Complaints that low income or elderly Vermonters can’t keep their homes ignore Vermont property tax income sensitivity requirements. If you make less than $137,500 annually in your household, your property tax burden is less than 2% of income. If you make over $100,000 a year and can’t afford your property taxes, you might just need to downsize.
    I don’t want to understate the pain many people have felt over the years from the downturn in our economy. I know it has been rough for many people, but high tax rates that kept government running, provided job training, supported families down on their luck, and a top notch education system were what kept Vermont strong throughout the economic downturn. Luckily, we live in a 50 state laboratory, and we can see what happens to states where Republican governors got their way and were allowed to slash taxes across the board. Take a long look at Kansas if you want to see what happens in those states.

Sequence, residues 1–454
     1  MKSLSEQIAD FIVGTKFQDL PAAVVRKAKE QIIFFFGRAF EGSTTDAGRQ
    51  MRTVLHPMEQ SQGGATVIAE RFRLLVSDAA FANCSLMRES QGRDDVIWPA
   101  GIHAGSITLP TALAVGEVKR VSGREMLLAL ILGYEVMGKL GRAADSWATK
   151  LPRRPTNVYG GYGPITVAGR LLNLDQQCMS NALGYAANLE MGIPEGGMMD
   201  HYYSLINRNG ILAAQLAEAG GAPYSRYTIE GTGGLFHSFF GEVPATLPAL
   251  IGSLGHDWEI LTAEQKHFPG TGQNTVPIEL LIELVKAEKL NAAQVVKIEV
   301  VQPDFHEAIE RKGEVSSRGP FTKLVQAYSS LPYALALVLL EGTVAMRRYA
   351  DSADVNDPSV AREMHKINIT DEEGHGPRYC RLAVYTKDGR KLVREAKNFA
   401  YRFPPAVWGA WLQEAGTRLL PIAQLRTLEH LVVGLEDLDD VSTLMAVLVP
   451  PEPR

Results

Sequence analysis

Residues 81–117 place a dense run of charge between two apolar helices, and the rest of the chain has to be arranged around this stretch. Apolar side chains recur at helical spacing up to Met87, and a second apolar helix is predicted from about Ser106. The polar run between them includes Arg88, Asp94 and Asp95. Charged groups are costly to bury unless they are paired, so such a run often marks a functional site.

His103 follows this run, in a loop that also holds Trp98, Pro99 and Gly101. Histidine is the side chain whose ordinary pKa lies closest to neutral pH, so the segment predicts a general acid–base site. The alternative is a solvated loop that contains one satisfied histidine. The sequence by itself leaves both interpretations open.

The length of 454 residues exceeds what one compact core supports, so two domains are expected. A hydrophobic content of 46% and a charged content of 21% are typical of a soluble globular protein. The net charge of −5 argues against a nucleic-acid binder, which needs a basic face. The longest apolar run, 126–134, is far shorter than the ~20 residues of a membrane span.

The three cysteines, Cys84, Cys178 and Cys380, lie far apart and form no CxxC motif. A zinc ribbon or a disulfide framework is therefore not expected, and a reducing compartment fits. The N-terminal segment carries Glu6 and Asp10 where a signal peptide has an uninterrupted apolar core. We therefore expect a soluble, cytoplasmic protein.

Recently I spoke to a local small business owner who claimed that she wouldn’t be able to stay open if her property taxes increased anymore. I asked her why she hadn’t left already, taxes in Vermont had been high for a long time. “Well, I’d like to move to a more tax-friendly southern state, but I’d want to wait until my kids finish school here first, of course.” Of course you would, and so would most people. That’s the point, everybody wants to go to heaven, but nobody wants to die, just as everyone wants a beautiful, clean, highly-educated state with good roads and social programs, but no one wants to pay taxes. That’s just not how it works folks.

    • Jon Corrigan

      Your statement “If you make less than $137,500 annually in your household, your property tax burden is less than 2% of income” is patently false. Where did you find that?

      • Lucas Barrett